We would all agree that the way to accomplish anything worthwhile is at a time when life is peaceful, and there is enough of everything, and needs are taken care of. Then we can totally dedicate ourselves to the important things in life which contribute to personal growth.
The question is then, why wasn’t the Torah given to the Jewish people after they entered Israel, when they were settled and secure, and all of their needs were provided for? Why was the Torah given to the Jewish people when they were in the wilderness, unsettled and unstable?
Rabbi Yeruchem Levovitz answers that just as the Torah itself teaches us, so does the way it was given teach us something about the way we should accept and pursue it.
Indeed, there is a great need for stability and peace of mind to absorb Torah learning. The question is what is the nature of the peace of mind which we need? People generally think that the peace of mind which we need is the result of having sufficient creature comforts. Rabbi Yeruchem explains that it is really just the opposite. When people get used to total comfort, any little thing missing causes havoc in the person’s stability, and that thing becomes the priority to the exclusion of spiritual goals. It’s like trying to quench one’s thirst with salt water. It seems that it is quenching one’s thirst in the short run, but it actually makes it worse. One thinks that now that his creature comforts are provided for, then one can dedicate oneself to more important matters. However, it just takes one further away from spirituality.
True peace of mind only comes through having the strength to live independently of superfluous creature comforts. That doesn’t mean stoicism; one should not live in deprivation, but rather a self imposed independence from things which drag him away from spirituality. In other words, the body is a servant, not a master. The servant gets its needs, but the needs are not an end in themselves. That lends itself to true stability and peace of mind. That is the backdrop for success in spiritual endeavors.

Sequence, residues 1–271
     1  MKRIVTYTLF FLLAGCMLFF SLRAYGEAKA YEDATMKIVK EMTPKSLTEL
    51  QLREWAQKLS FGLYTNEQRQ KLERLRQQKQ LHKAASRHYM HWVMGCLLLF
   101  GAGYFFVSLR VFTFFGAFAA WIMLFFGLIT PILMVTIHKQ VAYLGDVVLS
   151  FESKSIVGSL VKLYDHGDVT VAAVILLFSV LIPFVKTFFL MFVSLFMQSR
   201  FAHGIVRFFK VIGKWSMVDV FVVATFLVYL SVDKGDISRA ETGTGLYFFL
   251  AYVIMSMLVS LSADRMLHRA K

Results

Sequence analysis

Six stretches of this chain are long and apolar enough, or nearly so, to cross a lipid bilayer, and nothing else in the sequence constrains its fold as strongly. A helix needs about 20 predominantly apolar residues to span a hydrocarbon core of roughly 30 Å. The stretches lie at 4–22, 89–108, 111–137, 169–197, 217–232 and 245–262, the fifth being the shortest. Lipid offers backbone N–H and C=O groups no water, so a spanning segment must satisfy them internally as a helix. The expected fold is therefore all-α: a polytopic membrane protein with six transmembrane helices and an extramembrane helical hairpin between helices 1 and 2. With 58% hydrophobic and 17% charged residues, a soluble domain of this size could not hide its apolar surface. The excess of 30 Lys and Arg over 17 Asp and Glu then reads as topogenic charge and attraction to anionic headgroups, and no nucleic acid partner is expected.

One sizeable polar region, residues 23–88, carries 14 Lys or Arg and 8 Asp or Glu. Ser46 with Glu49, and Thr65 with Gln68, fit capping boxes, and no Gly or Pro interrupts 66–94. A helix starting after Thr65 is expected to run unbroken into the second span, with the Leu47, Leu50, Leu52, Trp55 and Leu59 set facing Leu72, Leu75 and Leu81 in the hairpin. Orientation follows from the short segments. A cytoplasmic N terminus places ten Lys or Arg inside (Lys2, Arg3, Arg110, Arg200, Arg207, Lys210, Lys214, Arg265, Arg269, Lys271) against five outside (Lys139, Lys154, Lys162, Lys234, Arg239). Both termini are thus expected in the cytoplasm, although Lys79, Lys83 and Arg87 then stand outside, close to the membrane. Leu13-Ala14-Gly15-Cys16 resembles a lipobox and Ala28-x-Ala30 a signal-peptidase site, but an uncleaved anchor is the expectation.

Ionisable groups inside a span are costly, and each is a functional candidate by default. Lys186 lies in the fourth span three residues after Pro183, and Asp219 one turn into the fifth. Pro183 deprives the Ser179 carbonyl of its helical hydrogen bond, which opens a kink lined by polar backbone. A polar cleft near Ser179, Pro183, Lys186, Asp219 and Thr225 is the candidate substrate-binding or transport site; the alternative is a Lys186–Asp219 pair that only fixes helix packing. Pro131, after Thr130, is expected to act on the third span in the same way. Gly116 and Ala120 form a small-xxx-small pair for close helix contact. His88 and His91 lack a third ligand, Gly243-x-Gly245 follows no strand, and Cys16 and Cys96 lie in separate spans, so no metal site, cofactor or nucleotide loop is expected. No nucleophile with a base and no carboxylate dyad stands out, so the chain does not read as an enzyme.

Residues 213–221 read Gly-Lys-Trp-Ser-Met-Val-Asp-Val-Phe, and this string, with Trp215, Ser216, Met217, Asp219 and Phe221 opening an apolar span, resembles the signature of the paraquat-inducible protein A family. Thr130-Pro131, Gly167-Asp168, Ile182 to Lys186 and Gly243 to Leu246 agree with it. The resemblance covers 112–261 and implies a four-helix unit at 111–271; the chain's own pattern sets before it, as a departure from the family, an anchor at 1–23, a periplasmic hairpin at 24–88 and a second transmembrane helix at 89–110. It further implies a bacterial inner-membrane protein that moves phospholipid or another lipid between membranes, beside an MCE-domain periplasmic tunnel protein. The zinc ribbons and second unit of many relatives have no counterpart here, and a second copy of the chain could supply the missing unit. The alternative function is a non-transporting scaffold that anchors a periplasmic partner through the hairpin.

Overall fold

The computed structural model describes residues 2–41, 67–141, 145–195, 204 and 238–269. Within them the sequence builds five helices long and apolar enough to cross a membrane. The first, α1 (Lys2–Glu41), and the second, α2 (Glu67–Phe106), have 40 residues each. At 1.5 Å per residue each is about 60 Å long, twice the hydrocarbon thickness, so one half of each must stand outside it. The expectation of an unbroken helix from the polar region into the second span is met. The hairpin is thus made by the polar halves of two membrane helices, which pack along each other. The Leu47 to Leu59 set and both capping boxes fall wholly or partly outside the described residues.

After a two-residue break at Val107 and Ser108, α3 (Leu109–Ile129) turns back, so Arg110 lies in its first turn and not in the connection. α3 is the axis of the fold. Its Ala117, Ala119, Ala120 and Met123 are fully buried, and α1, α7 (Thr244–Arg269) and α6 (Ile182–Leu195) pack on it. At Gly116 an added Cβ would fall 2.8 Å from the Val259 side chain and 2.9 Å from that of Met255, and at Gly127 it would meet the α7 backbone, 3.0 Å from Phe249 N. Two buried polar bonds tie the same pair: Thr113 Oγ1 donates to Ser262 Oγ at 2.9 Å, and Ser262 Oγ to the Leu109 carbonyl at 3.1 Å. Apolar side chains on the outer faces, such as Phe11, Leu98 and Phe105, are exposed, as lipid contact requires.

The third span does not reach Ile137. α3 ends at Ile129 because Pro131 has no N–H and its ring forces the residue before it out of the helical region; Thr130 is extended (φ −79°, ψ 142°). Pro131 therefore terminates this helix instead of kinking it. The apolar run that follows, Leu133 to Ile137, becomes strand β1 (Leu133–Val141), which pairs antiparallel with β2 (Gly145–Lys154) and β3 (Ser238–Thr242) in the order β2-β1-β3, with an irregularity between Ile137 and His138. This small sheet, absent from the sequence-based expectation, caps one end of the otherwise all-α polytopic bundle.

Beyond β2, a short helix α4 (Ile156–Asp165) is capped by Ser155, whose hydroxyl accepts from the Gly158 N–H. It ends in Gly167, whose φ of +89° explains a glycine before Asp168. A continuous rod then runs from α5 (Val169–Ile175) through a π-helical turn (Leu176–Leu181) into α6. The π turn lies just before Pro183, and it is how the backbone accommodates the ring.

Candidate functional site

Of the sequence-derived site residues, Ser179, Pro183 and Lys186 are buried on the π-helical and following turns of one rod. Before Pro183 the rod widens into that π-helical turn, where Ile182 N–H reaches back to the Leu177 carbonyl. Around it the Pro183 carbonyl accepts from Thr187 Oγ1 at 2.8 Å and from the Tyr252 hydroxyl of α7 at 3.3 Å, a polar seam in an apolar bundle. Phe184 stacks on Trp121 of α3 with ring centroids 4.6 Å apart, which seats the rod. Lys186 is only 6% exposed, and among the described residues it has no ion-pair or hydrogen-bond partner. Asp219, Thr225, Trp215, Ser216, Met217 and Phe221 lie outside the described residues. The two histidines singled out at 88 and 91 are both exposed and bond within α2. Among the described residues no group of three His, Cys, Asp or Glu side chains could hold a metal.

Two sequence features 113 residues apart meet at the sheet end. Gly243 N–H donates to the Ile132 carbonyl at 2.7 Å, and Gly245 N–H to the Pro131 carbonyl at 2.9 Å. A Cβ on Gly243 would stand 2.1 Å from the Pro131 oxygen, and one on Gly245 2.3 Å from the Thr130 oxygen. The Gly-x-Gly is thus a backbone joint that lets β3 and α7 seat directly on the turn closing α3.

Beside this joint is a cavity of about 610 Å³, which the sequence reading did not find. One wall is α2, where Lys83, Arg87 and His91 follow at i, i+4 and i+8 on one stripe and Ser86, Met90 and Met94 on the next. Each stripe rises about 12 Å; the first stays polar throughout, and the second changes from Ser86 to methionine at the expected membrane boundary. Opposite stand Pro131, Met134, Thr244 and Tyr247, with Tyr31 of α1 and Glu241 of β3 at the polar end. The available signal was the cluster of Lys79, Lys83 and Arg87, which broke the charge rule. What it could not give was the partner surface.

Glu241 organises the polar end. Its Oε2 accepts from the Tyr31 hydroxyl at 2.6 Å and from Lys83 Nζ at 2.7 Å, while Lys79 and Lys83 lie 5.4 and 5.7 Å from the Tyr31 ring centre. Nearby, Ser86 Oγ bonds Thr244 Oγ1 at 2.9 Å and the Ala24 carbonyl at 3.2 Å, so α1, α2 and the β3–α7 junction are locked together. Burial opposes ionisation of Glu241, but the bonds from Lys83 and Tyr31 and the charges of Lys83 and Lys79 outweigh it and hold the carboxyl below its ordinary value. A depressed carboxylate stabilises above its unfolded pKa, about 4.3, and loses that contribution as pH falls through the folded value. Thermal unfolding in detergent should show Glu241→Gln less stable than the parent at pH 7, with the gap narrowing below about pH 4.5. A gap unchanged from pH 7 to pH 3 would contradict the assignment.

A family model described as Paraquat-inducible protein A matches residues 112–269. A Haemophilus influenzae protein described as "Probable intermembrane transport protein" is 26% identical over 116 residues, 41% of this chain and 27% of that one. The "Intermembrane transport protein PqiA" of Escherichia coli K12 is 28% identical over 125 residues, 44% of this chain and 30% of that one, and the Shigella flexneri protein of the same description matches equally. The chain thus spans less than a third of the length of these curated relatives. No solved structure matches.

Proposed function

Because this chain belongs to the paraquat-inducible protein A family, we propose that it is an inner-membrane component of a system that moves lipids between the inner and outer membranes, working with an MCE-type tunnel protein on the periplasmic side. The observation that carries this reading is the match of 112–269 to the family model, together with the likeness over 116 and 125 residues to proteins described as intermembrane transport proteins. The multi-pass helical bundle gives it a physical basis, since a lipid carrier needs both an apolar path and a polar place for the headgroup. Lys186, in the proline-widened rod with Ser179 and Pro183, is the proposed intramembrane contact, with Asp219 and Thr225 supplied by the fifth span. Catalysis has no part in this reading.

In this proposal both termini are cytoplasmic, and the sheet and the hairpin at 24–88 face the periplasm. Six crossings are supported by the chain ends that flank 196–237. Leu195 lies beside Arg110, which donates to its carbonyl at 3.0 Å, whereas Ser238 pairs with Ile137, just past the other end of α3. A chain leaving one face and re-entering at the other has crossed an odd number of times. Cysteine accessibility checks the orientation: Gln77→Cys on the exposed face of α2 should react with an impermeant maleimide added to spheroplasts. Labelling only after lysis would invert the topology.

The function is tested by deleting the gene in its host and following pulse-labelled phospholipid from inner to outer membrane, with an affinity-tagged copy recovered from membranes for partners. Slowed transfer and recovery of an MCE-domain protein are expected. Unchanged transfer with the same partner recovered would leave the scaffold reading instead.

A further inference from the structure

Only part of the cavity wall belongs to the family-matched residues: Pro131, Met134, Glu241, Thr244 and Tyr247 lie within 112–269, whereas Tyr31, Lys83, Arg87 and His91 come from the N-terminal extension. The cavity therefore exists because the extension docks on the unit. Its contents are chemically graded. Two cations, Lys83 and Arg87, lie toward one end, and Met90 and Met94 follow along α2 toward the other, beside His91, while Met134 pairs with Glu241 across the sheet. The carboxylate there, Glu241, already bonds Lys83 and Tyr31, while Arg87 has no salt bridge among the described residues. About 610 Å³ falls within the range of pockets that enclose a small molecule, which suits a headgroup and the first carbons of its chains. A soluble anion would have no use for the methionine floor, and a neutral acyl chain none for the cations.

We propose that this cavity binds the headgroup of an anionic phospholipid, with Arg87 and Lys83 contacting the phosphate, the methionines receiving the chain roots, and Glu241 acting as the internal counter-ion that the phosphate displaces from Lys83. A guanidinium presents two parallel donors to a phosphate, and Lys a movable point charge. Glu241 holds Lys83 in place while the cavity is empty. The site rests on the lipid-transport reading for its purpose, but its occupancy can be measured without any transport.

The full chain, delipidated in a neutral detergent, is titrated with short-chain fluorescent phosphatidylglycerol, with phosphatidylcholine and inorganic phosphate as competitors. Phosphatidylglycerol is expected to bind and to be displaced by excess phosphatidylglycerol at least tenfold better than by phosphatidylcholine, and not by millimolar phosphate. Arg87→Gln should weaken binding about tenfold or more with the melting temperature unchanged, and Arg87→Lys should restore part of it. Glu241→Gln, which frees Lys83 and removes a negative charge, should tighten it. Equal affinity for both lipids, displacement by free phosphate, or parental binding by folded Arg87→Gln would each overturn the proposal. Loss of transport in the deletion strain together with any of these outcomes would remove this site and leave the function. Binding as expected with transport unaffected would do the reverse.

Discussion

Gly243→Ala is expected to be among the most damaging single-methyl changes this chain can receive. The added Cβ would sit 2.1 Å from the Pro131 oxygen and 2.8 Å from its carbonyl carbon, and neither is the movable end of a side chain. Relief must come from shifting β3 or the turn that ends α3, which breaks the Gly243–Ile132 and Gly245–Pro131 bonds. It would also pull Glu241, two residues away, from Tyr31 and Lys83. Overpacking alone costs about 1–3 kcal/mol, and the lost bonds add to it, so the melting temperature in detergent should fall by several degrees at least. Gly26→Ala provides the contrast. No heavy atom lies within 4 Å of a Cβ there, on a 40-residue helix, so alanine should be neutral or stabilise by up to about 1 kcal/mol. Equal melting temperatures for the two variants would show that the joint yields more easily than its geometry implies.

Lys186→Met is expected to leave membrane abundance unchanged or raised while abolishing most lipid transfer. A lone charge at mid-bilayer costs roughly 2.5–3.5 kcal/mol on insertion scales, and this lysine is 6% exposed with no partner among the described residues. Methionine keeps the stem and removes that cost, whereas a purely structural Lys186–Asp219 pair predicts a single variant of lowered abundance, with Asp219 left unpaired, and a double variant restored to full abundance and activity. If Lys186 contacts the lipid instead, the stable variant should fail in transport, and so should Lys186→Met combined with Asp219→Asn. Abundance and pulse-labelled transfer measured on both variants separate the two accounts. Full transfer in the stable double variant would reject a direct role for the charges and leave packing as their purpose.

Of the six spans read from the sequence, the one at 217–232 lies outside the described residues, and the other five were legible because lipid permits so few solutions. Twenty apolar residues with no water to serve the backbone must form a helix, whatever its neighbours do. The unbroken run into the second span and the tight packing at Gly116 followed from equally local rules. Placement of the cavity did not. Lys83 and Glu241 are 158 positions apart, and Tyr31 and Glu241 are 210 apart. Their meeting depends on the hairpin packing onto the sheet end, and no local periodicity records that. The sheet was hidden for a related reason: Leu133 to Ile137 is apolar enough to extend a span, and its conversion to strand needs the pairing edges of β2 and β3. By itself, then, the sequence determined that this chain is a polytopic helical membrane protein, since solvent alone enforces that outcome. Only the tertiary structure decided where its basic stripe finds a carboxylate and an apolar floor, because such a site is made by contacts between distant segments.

How do we arrive at such a level? It comes through focusing on one purpose. That is to clarify what our obligations are in this world, and what we need to make our primary goal. Clarity and focus is the key. Many people who lack peace of mind do so because so many things around them are influencing them. Their priorities are torn between many, often contradictory things. They end up living a mixed-up, unfocused existence. On the other hand, someone who doesn’t live for every creature comfort, and is not in pursuit of them for their own sake, just the way our forefathers lived in the wilderness, will not easily be knocked off track.
This is what Yaakov’s blessing was to Yisachar in this week’s parsha. And he saw peace of mind, that it is good, and he bent his back to carry (Genesis 49:15). He bends his back to carry so that he will not habituate himself to an easy existence. As a result, nothing will distract him from pursuing his goals. He is like a soldier in training who must be placed in situations which simulate the situations of high-tension which he may encounter in battle. If he would train in an easy and pleasant environment, it’s guaranteed he would not know hold up in a real combat situation.
Yisachar recognized that the way to find true peace of mind is through a focused approach. He bent his back to carry. He didn’t mortgage himself to creature comforts. He kept his mind on his goals, and uncompromisingly pursued them. This is true peace of mind, and this is what the Torah is teaching us by its having been given to us in the wilderness, and not in Israel.